How do you feel when people give you feedback on your performance and you don’t know when you’ll have the chance to incorporate their input? I’ll tell you how I feel: frustrated.
And yet people think giving feedback as soon as possible after the event is the critical factor. The OPM.GOV web site states: Supervisors should describe specific results they have observed as close to the event as possible so ideas stay fresh and any needed adjustments can be made in a timely manner.
I agree. Timeliness is critical. But they have the timing wrong. People are much more apt to incorporate feedback, if it’s given right before the next time they get to use it.
A few weeks ago, I watched an improv workshop given by two of the best coaches in Rochester, NY. After new improvisers completed an exercise, they received outstanding advice on how they could do better the next time. The problem was that the workshop wasn’t organized so that there was a next time.
When I’m rehearsing improv and my coach gives me a note, I want the chance right then to run the scene again. Or if there’s no time, I’ll ask that they remind me at the beginning of our next rehearsal or before we perform the next show. That timing makes a huge difference.
As a communications consultant, I used this approach. One client held quarterly conference calls with his sales team. During his presentation I took notes whenever I noticed something wasn’t as good as it could be. Instead of reviewing my critique with him right after the meeting, I waited until we were preparing for the next quarter. This way the feedback was fresh and he could use it right away.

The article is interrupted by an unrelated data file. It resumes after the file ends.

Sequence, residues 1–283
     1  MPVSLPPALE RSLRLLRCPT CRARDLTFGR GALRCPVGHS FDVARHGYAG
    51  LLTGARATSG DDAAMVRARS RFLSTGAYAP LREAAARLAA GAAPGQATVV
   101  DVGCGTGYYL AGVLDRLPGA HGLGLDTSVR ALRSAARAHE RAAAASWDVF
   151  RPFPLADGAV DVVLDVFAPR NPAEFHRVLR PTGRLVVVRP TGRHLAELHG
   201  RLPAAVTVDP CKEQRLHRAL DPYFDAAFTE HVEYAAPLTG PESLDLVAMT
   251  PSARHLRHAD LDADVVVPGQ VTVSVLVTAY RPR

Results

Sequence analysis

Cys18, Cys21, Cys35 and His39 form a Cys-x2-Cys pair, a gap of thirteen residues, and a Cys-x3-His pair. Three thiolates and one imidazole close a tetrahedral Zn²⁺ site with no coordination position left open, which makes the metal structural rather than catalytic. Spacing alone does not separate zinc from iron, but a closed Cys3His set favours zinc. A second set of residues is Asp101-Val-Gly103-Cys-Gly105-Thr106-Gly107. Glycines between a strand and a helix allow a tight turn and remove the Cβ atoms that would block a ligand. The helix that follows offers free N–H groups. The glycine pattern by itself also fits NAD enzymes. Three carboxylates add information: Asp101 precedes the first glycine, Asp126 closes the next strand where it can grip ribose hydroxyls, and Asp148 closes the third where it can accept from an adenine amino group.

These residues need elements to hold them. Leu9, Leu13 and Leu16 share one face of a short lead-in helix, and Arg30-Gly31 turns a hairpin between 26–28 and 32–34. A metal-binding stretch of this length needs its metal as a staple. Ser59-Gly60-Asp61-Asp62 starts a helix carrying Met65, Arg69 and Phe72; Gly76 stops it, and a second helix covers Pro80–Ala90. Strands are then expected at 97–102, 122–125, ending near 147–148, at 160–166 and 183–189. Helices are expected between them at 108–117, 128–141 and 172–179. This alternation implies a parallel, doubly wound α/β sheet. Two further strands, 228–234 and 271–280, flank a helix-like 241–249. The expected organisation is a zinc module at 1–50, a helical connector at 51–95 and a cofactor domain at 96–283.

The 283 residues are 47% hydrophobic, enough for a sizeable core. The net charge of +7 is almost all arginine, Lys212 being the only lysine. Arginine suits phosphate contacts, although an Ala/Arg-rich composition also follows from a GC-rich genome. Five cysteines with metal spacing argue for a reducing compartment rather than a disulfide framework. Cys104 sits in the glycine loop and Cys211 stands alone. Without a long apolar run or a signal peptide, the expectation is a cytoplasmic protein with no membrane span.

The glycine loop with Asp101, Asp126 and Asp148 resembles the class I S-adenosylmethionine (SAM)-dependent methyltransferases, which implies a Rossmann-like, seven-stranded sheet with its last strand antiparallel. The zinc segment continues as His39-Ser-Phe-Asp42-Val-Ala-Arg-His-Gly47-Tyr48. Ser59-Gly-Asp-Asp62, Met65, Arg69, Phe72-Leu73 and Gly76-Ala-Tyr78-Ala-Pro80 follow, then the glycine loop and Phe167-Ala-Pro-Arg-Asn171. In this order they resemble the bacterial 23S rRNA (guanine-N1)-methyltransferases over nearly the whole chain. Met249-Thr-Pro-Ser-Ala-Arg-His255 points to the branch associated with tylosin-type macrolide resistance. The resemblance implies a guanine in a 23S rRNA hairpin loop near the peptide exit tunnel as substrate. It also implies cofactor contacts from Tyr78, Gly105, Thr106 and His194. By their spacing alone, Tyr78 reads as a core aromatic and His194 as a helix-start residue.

For this to work you have to do the following:
- Take good notes. You need to have enough details for people to remember what they did originally. (Keep track of those notes so you have them when you need them.)
- For every criticism give a complement so that your critique is balanced and you reinforce what they did well.
- If there’s no opportunity within a few months for the person you coached to implement your suggestions, create one. If you don’t there’s no use in giving feedback at all.
Feedback given this way doesn’t feel like criticism. It makes it clear that your intention is to help people improve.
The Meta Version
A colleague of mine told me his company was very disciplined about having formal project kickoff meetings and debriefings at the conclusion of the work. Unfortunately, they never applied what they learned from debriefing on the previous project to the next one. That is, until a new employee pointed it out to them.